Imagine your horror when, after you’ve assured your toddler night after night that there are no monsters in his room, you walk through his door and hear a stranger’s voice stroking your child’s innocence.
It’s happening. What’s worse is that without realizing it, parents are creating cyber holes for predators to slip into their children’s bedrooms.
Piecing it all together, Sarah realized that their three-year-old had been listening to this man’s disturbing messages for a while. Her son, she recalled, had grown afraid of the “man talking to him” at night.
Sarah and her husband live in fear and, for understandable reasons, don’t want to reveal their full names. The predator’s whereabouts are still unknown. He could be located next door or halfway around the world. Even so, his eyes were living inside their three-year-old’s bedroom.
This monster hacked into their baby monitor, gained full control of the movement of the night camera lens, and was able to follow the parents’ movements around the room.
This is not an isolated incident. A Minnesota family
not only had their baby monitor hacked, but the IP was traced to an overseas address, and the video of her child was found on a site that showcases videos of what these hackers find all over the world.
One thing is becoming increasingly clear: keeping children safe within the home has just taken a quantum leap past outlet covers. Unfortunately, cord strangulation and electrocution are the only hazards most manufacturers warn parents about when it comes to this technology.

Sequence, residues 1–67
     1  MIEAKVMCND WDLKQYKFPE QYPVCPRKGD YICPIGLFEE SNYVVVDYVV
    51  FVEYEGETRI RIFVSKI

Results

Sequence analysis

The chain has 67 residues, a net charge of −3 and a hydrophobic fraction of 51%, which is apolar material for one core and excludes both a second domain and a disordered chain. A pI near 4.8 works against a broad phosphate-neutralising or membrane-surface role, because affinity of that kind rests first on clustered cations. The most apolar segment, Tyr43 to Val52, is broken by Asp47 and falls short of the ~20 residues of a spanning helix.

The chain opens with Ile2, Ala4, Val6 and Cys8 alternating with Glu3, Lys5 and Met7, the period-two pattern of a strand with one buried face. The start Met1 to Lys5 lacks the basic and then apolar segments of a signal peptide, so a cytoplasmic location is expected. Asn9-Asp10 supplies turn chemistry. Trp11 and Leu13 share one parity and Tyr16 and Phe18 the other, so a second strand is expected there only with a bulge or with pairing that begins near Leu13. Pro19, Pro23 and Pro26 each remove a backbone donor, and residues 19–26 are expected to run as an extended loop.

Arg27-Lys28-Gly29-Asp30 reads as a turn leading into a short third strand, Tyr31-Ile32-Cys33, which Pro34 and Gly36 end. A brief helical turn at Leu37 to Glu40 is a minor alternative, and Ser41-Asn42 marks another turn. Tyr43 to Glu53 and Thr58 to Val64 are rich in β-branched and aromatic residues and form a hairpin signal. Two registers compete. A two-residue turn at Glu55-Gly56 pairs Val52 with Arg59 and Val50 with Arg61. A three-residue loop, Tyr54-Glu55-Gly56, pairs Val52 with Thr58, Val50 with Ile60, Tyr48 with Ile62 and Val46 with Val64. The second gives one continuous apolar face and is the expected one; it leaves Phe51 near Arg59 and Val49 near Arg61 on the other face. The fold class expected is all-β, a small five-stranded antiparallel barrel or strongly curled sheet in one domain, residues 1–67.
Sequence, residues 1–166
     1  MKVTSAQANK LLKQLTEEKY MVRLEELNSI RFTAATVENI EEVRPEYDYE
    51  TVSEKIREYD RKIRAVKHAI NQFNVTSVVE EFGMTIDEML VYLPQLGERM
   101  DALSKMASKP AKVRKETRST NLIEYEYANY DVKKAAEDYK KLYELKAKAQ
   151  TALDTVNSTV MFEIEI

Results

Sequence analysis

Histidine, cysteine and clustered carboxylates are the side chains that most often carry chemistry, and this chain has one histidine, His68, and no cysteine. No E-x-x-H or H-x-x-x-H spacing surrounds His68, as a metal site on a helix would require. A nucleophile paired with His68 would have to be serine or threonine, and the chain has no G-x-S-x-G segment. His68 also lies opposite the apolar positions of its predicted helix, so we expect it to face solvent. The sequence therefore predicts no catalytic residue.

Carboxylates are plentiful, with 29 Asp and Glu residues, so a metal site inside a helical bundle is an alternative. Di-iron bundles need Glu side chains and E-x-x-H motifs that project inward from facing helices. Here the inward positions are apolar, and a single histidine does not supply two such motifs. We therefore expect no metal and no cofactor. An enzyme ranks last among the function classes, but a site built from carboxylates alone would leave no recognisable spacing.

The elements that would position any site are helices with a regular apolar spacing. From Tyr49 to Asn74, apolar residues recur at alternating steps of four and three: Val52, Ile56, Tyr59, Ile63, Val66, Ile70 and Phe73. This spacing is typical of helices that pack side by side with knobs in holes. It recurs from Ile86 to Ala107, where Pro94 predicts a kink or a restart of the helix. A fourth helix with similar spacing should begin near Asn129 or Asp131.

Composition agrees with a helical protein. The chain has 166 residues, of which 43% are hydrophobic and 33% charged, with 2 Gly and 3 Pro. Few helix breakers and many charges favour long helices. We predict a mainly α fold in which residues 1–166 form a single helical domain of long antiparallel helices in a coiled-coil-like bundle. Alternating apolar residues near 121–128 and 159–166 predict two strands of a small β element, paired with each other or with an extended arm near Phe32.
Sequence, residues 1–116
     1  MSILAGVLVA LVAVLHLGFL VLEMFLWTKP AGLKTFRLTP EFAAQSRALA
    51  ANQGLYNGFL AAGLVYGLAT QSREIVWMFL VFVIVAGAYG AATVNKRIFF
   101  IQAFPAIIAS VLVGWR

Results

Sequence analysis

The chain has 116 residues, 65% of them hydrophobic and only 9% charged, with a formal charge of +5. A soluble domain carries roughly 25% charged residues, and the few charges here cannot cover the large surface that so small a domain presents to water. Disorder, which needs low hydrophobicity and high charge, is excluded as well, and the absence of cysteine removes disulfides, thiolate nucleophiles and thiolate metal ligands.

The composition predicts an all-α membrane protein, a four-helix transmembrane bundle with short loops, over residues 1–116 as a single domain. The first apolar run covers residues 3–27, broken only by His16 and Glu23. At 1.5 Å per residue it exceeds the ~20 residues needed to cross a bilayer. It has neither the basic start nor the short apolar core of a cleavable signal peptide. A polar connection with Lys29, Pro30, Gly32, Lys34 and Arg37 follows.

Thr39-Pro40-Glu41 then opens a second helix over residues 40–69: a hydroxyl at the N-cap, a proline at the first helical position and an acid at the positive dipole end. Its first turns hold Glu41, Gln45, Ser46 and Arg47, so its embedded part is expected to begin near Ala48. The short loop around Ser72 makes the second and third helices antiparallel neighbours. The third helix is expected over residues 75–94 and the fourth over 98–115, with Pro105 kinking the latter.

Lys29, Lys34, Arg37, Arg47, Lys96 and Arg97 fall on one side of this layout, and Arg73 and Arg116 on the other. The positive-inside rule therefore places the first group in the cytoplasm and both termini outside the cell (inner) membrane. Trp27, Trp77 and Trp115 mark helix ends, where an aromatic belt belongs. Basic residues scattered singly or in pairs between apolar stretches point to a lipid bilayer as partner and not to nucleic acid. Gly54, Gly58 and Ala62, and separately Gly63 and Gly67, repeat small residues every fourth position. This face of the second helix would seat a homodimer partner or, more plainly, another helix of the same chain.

If you’re going to use technology, you can’t afford to be unaware. One manufacturer, Foscam, offers these suggestions on its website.
- Never use the default password. Make it a hard one to break. Use upper and lower case letters, numbers and special characters all scrambled together. Then store the number on good old fashioned paper, and file it in a safe place.
- Don’t use the same password for your wi-fi. Also, most security experts will recommend changing passwords routinely.
- Change the default port. Foscam notes that the default port is the target of choice for hackers, and recommend a port greater than the 8100 range.
- Check the logs of your camera often. The camera on the Foscam monitor comes with embedded logs that will show you exactly what IP addresses are accessing your monitor. You don’t have to be an IT expert to immediately recognize if it’s not yours. Your address should be the only one on the log.
It’s important to remember that this is a new age; precautions are built only after problems are discovered. Make sure your baby monitor has the ability to be modified for security.
Keep in mind, if you can access it on the Internet, so can someone else. Lock it as securely as you would your doors.